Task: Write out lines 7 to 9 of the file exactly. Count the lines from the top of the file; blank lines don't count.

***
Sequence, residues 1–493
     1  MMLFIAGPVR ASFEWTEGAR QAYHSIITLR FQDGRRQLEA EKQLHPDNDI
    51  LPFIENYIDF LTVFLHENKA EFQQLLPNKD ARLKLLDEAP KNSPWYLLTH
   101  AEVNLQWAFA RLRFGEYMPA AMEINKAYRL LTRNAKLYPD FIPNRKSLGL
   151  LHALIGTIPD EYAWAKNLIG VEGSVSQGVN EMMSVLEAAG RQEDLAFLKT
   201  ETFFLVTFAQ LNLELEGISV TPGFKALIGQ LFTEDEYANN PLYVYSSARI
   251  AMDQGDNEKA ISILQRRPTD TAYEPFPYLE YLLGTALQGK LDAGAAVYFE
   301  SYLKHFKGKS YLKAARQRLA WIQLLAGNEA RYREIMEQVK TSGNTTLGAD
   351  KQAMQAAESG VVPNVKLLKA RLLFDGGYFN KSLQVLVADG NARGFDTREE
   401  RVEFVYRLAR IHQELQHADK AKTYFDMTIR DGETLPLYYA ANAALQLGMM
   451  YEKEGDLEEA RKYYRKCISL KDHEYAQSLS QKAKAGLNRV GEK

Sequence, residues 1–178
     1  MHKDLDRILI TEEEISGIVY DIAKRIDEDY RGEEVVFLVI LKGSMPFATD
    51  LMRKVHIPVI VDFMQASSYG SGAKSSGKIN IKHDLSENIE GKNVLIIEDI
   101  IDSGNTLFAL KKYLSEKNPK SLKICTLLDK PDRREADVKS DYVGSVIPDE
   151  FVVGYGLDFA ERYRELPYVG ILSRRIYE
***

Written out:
   251  AMDQGDNEKA ISILQRRPTD TAYEPFPYLE YLLGTALQGK LDAGAAVYFE
   301  SYLKHFKGKS YLKAARQRLA WIQLLAGNEA RYREIMEQVK TSGNTTLGAD
   351  KQAMQAAESG VVPNVKLLKA RLLFDGGYFN KSLQVLVADG NARGFDTREE